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June 18, 1815: The Noblest Cavalry in Europe–And the Worst Led

 

The charge of the Scots Greys scene from the movie Waterloo (1970), one of the greatest of war flicks.  Rod Steiger as Napoleon and Christopher Plummer as Wellington gave bravura performances.   My favorite section of the film:

 

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Donald R. McClarey

Cradle Catholic. Active in the pro-life movement since 1973. Father of three and happily married for 35 years. Small town lawyer and amateur historian. Former president of the board of directors of the local crisis pregnancy center for a decade.

9 Comments

  1. Waterloo always brings to my mind one of Chesterton’s best poems:

    A war that we understood not came over the world and woke
    Americans, Frenchmen, Irish; but we knew not the things they spoke.
    They talked about rights and nature and peace and the people’s reign:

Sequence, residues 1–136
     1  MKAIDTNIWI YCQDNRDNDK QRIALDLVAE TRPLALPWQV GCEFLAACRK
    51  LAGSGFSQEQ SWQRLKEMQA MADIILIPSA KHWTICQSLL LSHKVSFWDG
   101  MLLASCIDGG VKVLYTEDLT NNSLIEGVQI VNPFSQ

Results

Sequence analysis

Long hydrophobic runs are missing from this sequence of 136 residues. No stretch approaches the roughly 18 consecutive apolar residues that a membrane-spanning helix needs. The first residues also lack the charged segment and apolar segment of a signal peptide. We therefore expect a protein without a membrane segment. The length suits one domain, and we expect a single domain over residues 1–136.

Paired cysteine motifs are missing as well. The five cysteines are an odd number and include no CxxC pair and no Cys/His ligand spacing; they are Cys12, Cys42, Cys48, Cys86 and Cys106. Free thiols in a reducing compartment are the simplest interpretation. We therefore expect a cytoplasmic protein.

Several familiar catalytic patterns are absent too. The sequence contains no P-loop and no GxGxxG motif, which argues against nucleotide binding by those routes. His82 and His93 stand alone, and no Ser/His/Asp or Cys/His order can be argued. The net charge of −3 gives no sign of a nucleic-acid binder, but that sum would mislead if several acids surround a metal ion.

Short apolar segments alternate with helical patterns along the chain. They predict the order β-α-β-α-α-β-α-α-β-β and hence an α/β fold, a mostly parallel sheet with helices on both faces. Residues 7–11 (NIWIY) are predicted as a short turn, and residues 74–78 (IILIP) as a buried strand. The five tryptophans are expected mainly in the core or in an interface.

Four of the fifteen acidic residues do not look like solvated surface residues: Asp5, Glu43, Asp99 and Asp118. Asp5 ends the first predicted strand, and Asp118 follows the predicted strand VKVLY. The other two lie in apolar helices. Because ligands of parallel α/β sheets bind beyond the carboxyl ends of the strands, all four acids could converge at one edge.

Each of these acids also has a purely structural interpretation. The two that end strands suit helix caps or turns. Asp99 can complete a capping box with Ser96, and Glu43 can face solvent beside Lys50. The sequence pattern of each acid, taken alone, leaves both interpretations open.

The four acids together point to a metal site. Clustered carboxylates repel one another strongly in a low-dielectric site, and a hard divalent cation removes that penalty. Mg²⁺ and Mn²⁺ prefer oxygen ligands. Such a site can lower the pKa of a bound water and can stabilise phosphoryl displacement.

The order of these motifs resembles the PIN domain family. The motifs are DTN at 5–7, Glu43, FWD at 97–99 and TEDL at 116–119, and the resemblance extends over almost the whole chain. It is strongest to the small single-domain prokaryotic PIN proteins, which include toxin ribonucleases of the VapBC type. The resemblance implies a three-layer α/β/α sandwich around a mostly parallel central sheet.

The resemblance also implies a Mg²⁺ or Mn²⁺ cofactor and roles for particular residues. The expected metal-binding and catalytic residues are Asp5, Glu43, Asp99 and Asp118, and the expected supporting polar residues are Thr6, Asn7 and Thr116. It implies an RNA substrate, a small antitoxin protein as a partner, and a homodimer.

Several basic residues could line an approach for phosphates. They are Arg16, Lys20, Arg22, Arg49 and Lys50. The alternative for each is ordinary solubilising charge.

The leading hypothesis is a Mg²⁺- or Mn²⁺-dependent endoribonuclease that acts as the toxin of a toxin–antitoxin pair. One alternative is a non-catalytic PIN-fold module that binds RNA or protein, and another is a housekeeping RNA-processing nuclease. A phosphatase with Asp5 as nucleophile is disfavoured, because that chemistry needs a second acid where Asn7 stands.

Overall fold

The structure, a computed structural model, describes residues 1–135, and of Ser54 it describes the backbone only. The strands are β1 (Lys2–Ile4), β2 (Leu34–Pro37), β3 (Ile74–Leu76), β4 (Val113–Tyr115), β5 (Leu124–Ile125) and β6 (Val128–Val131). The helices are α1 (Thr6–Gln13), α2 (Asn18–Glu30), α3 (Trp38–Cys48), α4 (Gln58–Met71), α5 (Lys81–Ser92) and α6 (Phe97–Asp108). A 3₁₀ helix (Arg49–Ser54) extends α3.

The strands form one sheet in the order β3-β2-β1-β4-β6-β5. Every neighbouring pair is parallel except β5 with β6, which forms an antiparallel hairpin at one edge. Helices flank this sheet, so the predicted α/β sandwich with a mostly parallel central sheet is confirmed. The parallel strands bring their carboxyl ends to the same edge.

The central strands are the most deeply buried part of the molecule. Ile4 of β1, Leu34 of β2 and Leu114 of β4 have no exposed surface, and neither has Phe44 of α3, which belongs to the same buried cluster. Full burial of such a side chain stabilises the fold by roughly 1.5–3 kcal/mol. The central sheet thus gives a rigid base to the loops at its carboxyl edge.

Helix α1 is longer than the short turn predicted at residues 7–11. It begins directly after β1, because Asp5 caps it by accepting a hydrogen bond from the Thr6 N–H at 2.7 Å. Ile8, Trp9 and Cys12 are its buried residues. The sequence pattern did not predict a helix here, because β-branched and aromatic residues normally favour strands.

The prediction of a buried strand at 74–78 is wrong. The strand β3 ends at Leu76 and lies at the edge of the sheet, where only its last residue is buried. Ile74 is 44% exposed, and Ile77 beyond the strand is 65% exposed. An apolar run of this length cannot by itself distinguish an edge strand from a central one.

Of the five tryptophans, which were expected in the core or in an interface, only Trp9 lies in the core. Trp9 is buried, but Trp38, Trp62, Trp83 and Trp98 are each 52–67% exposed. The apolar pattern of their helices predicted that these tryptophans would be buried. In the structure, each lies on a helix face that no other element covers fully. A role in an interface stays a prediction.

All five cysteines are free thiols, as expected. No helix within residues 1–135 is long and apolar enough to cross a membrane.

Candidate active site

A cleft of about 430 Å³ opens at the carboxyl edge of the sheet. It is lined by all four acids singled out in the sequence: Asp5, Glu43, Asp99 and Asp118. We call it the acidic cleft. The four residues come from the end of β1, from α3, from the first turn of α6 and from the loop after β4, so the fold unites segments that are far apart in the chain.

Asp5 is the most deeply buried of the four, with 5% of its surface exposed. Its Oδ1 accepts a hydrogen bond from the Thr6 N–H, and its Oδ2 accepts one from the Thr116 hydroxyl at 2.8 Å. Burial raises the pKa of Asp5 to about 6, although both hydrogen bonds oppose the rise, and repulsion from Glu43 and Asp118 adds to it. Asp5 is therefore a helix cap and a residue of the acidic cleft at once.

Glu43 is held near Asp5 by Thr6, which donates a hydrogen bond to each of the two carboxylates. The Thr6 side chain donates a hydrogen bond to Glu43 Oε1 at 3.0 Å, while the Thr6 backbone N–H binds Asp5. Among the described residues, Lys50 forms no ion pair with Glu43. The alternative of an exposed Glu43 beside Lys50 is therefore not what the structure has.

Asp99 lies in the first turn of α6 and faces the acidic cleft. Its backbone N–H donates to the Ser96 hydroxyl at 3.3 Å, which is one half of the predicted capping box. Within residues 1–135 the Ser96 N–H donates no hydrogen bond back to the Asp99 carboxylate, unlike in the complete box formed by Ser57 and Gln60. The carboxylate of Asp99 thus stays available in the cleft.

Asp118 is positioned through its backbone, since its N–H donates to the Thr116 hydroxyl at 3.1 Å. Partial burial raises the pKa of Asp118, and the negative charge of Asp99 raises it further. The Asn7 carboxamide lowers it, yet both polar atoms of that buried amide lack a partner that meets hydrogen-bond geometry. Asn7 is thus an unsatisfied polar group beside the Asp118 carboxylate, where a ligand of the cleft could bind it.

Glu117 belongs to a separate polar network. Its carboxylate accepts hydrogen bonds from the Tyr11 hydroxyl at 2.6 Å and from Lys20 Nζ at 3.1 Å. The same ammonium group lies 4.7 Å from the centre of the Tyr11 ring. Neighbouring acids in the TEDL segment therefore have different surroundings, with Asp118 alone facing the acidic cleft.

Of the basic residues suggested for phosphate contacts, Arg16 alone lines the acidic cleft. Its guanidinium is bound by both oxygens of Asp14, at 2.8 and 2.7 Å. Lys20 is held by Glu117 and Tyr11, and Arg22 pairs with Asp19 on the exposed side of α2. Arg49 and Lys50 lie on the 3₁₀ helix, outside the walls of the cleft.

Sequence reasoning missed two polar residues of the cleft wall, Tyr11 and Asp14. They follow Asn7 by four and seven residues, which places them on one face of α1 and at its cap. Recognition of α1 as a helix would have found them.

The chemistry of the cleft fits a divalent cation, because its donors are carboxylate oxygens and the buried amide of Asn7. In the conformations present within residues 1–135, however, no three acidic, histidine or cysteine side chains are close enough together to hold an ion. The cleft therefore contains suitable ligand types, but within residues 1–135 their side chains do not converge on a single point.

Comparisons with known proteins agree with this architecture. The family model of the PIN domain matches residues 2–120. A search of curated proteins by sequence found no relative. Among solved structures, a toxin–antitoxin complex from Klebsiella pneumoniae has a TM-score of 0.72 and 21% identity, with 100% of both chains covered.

And the squires, our masters, bade us fight; and scorned us never again.
    Weak if we be for ever, could none condemn us then;
    Men called us serfs and drudges; men knew that we were men.
    In foam and flame at Trafalgar, on Albuera plains,
    We did and died like lions, to keep ourselves in chains,
    We lay in living ruins; firing and fearing not
    The strange fierce face of the Frenchmen who knew for what they fought,
    And the man who seemed to be more than a man we strained against and broke;
    And we broke our own rights with him. And still we never spoke.

  2. Chesterton had almost as an illusory view of the French Revolution and Napoleon as did Belloc, and that is saying something.

    Chesterton’s idea that the British lost rights by fighting Napoleon was absurd. Rather they ensured their own continuing process of expanding rights, and avoided being governed by a dressed up military dictatorship. They were wise. It was under the Duke of Wellington’s government in 1829 that the great Catholic Emancipation Act passed Parliament. Chesterton, as usual, confused his opinions with history, to the detriment of history.

  3. Donald R McClarey wrote, “Chesterton had almost as an illusory view of the French Revolution and Napoleon as did Belloc…”
    Belloc described Waterloo as the defeat of the Grande Armée “that had given a code of laws to a continent and restored the concept of citizenship to civilization.”
    Still, here is a family anecdote about the Scots Greys (2nd Dragoons) 99 years later.